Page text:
I taught choral music in a few local school districts in the Houston metropolitan area in a former life. One year, a friend of mine in the bleeding disorders community asked if I had a group that could provide entertainment at the hemophilia Christmas party. I told her that my small, auditioned ensemble performed all over the city and would love to participate. I had a twinge of excitement as I shared what I did for a living with my blood brothers and sisters.
Before we left for the event, I sat with my students and explained what we mean by a bleeding disorder and shared what I knew about hemophilia. I told them about my son and the complications that arise from managing challenging bleeding episodes. Some students asked questions like “Is he OK? Do you worry about getting a cut or falling?” Their curiosity appeared sincere, and concern flooded their faces.
I was overwhelmed by how much my students did not know about me. We met every day, and I had just found the time to share with them a community that helped me make sense of one of the most significant issues in my life. I continued the discussion and prepared them for an incredibly unique experience. I did not know of any choral directors that could give their children a firsthand look into the lives of those affected by chronic illness.
My group entered the big ballroom where the event was taking place. Their eyes were wide, and they took in the beautiful surroundings. Christmas light filled the room, and the joy of Santa and a beautiful tree gave the space a feeling of joy and celebration. We began singing, with everyone’s eyes glued to the young men and women who came with me. The group sang in tight, four-part harmony, displaying beauty as each chord, each tone, fell over the crowd’s ears. The concert was a huge success.
After we sang, the event organizer asked if my students would like to help Santa deliver gifts to the children. Before I could ask, every member of my group walked past me and met with my friend to receive directions. As I walked around the room, I noticed choir members expand their duties to include leading games, talking with children, and serving drinks and cookies to families. Everyone looked happy and glad that they participated in the event.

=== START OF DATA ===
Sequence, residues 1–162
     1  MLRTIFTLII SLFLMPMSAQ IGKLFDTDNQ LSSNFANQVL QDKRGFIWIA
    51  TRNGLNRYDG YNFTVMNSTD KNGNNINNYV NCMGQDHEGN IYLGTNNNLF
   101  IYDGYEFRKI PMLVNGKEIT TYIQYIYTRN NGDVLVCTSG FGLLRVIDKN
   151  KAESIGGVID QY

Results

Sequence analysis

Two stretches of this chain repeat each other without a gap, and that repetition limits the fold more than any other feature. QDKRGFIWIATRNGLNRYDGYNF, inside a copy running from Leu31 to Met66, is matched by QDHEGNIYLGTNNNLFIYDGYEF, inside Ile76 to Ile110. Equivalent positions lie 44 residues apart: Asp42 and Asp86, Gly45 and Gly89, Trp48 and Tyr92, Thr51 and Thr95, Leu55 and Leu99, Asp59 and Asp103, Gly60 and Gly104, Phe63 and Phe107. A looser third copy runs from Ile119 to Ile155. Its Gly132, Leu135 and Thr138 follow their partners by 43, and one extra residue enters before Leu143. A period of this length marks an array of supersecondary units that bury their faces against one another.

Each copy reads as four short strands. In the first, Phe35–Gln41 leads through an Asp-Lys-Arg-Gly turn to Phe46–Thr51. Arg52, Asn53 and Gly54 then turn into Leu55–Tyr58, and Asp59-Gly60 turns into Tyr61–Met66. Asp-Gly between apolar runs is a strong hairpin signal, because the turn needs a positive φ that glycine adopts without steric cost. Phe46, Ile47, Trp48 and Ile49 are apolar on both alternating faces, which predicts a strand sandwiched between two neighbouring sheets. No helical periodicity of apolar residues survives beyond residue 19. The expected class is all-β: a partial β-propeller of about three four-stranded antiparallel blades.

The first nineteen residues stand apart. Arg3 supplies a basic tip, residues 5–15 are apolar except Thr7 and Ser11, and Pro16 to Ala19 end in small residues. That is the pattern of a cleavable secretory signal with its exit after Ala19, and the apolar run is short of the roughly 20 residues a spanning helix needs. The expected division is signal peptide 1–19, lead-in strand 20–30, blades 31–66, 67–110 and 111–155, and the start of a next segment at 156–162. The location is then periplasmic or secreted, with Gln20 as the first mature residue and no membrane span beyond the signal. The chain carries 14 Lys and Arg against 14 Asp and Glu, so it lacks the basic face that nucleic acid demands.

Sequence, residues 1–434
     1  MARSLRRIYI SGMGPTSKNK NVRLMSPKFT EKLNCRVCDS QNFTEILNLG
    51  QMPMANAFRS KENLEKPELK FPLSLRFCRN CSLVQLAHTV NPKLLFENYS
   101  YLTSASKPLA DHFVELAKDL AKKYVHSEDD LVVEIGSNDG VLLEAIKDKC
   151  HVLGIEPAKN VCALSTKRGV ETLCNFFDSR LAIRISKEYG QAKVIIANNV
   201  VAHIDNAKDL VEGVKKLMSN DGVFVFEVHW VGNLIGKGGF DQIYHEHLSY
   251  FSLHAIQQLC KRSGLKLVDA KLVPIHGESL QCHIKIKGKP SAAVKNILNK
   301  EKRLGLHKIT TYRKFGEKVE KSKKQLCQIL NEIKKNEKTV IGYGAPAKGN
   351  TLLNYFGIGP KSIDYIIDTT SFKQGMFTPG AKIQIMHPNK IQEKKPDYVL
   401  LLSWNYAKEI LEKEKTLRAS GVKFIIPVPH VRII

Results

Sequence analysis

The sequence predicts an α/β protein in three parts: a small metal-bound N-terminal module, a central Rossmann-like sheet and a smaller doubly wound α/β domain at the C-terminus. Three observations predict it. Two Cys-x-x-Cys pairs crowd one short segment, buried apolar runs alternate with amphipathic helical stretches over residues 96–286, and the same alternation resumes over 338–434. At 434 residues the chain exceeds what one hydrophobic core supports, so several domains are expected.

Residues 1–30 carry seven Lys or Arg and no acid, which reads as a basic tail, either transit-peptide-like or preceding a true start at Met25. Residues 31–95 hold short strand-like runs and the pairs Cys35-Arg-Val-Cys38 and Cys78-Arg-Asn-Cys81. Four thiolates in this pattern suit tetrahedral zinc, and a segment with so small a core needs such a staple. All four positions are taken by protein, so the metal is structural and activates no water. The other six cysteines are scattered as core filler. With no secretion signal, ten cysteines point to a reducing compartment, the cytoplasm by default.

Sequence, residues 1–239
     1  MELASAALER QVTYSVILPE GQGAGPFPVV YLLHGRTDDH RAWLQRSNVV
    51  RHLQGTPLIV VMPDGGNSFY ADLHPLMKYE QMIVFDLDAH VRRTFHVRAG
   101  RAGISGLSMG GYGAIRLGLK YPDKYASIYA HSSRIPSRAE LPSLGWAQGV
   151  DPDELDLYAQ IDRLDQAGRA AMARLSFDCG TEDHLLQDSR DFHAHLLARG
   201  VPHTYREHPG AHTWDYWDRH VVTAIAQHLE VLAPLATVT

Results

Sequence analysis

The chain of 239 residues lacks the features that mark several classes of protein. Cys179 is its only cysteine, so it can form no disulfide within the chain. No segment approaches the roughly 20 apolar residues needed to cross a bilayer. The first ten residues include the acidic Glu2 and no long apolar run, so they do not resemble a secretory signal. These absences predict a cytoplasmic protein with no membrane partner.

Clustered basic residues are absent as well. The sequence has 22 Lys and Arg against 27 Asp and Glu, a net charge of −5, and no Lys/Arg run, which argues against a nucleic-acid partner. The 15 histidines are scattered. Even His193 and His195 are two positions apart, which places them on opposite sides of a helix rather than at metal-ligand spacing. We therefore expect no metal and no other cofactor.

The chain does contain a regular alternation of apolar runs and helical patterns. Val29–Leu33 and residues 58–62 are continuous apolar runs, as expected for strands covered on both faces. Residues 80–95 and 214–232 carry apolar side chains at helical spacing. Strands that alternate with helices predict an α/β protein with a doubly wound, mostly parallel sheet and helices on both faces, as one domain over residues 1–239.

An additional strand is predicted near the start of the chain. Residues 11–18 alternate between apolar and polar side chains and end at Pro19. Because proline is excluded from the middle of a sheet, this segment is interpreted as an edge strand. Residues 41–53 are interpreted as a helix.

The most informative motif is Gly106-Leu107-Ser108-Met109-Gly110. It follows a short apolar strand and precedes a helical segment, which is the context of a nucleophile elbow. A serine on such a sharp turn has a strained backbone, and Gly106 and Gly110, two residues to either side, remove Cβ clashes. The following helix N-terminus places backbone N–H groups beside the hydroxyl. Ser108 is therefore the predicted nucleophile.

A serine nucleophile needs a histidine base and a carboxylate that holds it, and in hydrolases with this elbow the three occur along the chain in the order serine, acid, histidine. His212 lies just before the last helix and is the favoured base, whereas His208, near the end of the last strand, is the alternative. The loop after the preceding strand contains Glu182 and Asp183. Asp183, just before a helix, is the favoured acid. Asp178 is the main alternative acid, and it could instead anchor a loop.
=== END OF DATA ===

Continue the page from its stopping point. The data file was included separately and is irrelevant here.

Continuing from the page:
I smiled proudly as I realized that I did far more than teach kids to sing; I taught them how to share and offer their talents to a world that needs a bit of good news. Little did I realize that I gave my group the ability to connect with those outside of their usual circle by sharing part of myself.
Years passed, and many of my former choral members returned to say hello. They always talk about the times that we performed for the hemophilia Christmas party. They thank me for giving them a new way of thinking about the world and the ability to stretch outside of their comfort zone. I feel overwhelmed by their appreciation for opportunities gained in the choir. I understand that sharing my story has tremendous power to touch lives in ways I never imagined.
During this time of year, let us remain confident that our message directed to the world has power and meaning. There is no telling whose hearts we touch when we share our stories. Even in a virtual world, there is someone who needs to hear what you have to say. It merely takes a little more effort, but I can assure you that it is worth every ounce of energy.
Remember, all of us need a reason to get out of bed. We need to know that what we have to say matters. As this is my last column of the year, I wish you joy and happiness, and I hope that 2021 will be kinder to us than 2020.
Note: Hemophilia News Today is strictly a news and information website about the disease. It does not provide medical advice, diagnosis, or treatment. This content is not intended to be a substitute for professional medical advice, diagnosis, or treatment. Always seek the advice of your physician or another qualified health provider with any questions you may have regarding a medical condition. Never disregard professional medical advice or delay in seeking it because of something you have read on this website. The opinions expressed in this column are not those of Hemophilia News Today or its parent company, BioNews, and are intended to spark discussion about issues pertaining to hemophilia.
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